Add like
Add dislike
Add to saved papers

Laboratory and clinical practices in antinuclear antibody detection and related antigens: recommendations from a Spanish multicentre survey.

Antinuclear antibodies (ANA) are the most widely used immunological test for the diagnosis of autoimmune diseases. Despite the recommendations of experts, there is some variability in performing and interpreting this test in routine practice. In this context, the Spanish Group on Autoimmune Diseases (GEAI) of the Spanish Society of Immunology (SEI) conducted a national survey of 50 autoimmunity laboratories. Here we report the survey results on ANA testing, detection of related antigens, and our recommendations. The survey showed that most of the participating laboratories use a similar approach for most key practices: 84% perform ANA by indirect immunofluorescence (IIF) on HEp-2 cells as the screening methodology while the other laboratories use IIF to confirm positive screens; 90% report ANA test results as either negative or positive with titer and pattern; 86% indicated that the ANA pattern conditioned follow-up testing for specific antigen-related antibodies; and 70% confirm positive anti-dsDNA. However, testing practices were highly heterogeneous for certain items, such as sera dilutions and the minimum time period for repeating ANA and related antigen determinations. Overall, this survey shows that most autoimmune laboratories in Spain use a similar approach but that further standardization of testing and reporting protocols is needed.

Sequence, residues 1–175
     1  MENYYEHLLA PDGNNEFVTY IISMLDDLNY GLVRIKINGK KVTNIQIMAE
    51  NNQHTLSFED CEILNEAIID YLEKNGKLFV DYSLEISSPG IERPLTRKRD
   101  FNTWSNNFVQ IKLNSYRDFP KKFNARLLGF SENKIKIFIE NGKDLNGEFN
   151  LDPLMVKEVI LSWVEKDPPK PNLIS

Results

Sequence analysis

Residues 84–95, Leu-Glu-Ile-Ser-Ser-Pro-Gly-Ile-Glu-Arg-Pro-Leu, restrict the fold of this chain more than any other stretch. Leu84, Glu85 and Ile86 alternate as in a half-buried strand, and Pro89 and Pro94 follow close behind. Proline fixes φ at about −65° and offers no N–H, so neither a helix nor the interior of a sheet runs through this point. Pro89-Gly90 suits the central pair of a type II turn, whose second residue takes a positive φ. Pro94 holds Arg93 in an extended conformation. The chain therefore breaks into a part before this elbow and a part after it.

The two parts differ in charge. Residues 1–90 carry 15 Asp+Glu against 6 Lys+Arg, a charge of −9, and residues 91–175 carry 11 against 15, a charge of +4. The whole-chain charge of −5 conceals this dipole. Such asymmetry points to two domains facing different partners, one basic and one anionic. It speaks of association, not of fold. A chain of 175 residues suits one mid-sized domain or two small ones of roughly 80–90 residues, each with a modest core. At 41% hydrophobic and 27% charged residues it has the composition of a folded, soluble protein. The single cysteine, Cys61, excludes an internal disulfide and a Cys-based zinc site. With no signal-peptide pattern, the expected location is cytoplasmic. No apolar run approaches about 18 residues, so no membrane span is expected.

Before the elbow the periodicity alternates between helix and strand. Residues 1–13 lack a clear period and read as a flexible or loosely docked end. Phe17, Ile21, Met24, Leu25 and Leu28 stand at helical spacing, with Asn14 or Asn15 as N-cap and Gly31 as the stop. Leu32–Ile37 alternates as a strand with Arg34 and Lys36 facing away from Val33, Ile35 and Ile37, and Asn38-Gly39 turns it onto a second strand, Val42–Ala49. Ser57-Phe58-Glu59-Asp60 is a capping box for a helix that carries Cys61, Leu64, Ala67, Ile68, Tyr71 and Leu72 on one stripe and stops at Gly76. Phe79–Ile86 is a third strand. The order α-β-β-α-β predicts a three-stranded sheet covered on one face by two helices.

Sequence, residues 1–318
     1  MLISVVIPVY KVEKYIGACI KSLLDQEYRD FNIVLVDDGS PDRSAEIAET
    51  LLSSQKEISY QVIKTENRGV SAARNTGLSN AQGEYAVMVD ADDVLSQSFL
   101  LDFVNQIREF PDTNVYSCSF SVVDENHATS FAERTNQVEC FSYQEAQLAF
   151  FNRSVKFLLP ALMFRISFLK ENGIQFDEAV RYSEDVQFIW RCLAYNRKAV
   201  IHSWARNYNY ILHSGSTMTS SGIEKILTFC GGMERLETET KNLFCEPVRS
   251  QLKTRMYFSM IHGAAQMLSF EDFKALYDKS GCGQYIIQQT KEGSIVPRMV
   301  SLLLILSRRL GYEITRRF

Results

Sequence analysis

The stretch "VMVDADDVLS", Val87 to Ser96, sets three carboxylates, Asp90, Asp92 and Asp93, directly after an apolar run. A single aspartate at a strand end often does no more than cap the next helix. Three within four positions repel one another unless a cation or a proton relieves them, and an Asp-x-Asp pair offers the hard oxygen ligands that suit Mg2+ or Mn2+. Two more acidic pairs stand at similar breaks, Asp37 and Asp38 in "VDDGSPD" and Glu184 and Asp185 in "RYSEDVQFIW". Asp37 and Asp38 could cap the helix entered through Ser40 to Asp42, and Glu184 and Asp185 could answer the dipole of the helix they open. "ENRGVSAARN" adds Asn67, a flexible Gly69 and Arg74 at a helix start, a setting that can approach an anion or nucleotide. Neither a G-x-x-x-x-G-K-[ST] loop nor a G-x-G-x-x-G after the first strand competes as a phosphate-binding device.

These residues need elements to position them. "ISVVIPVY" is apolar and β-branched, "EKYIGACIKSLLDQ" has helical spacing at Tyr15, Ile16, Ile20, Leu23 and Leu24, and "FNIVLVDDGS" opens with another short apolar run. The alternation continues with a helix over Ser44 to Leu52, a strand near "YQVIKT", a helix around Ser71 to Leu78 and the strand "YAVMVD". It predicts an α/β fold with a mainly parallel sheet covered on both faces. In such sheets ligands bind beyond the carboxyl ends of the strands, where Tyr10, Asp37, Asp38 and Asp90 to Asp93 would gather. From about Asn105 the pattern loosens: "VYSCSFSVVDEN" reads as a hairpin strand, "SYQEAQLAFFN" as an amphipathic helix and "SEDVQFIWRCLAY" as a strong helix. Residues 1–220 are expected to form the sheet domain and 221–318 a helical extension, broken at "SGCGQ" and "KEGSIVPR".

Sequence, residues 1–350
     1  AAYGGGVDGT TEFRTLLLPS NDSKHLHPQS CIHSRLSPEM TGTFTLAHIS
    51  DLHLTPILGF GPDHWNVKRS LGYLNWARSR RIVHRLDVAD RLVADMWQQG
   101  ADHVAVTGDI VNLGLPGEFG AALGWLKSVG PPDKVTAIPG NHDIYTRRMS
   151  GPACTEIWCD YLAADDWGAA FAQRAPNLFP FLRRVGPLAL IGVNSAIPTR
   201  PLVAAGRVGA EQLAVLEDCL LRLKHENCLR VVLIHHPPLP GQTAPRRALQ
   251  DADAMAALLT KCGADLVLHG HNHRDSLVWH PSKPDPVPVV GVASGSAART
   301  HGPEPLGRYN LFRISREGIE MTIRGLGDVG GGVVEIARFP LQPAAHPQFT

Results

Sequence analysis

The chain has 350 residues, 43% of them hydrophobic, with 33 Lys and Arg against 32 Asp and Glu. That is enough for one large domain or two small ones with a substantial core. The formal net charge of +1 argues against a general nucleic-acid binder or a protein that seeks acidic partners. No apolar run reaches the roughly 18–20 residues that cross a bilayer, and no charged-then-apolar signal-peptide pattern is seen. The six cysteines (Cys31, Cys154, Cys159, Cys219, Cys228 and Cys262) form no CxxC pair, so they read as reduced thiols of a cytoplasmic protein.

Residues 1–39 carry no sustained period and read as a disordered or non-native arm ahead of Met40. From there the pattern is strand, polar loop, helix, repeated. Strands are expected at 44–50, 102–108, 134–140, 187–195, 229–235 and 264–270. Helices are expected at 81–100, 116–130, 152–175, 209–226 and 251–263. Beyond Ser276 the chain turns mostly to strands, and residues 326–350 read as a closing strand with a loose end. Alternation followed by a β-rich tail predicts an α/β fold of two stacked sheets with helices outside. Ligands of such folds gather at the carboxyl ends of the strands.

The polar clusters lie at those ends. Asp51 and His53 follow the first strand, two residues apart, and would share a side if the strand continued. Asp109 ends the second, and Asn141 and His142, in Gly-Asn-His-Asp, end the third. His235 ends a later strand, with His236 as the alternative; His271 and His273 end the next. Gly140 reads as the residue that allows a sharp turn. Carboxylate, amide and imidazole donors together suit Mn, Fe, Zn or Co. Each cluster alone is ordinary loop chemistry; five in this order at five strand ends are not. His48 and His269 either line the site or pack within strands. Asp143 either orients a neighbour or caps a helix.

Full text links

We have located links that may give you full text access.
Can't access the paper?
Try logging in through your university/institutional subscription. For a smoother one-click institutional access experience, please use our mobile app.

Related Resources

For the best experience, use the Read mobile app

Mobile app image

Get seemless 1-tap access through your institution/university

For the best experience, use the Read mobile app

All material on this website is protected by copyright, Copyright © 1994-2024 by WebMD LLC.
This website also contains material copyrighted by 3rd parties.

By using this service, you agree to our terms of use and privacy policy.

Your Privacy Choices Toggle icon

You can now claim free CME credits for this literature searchClaim now

Get seemless 1-tap access through your institution/university

For the best experience, use the Read mobile app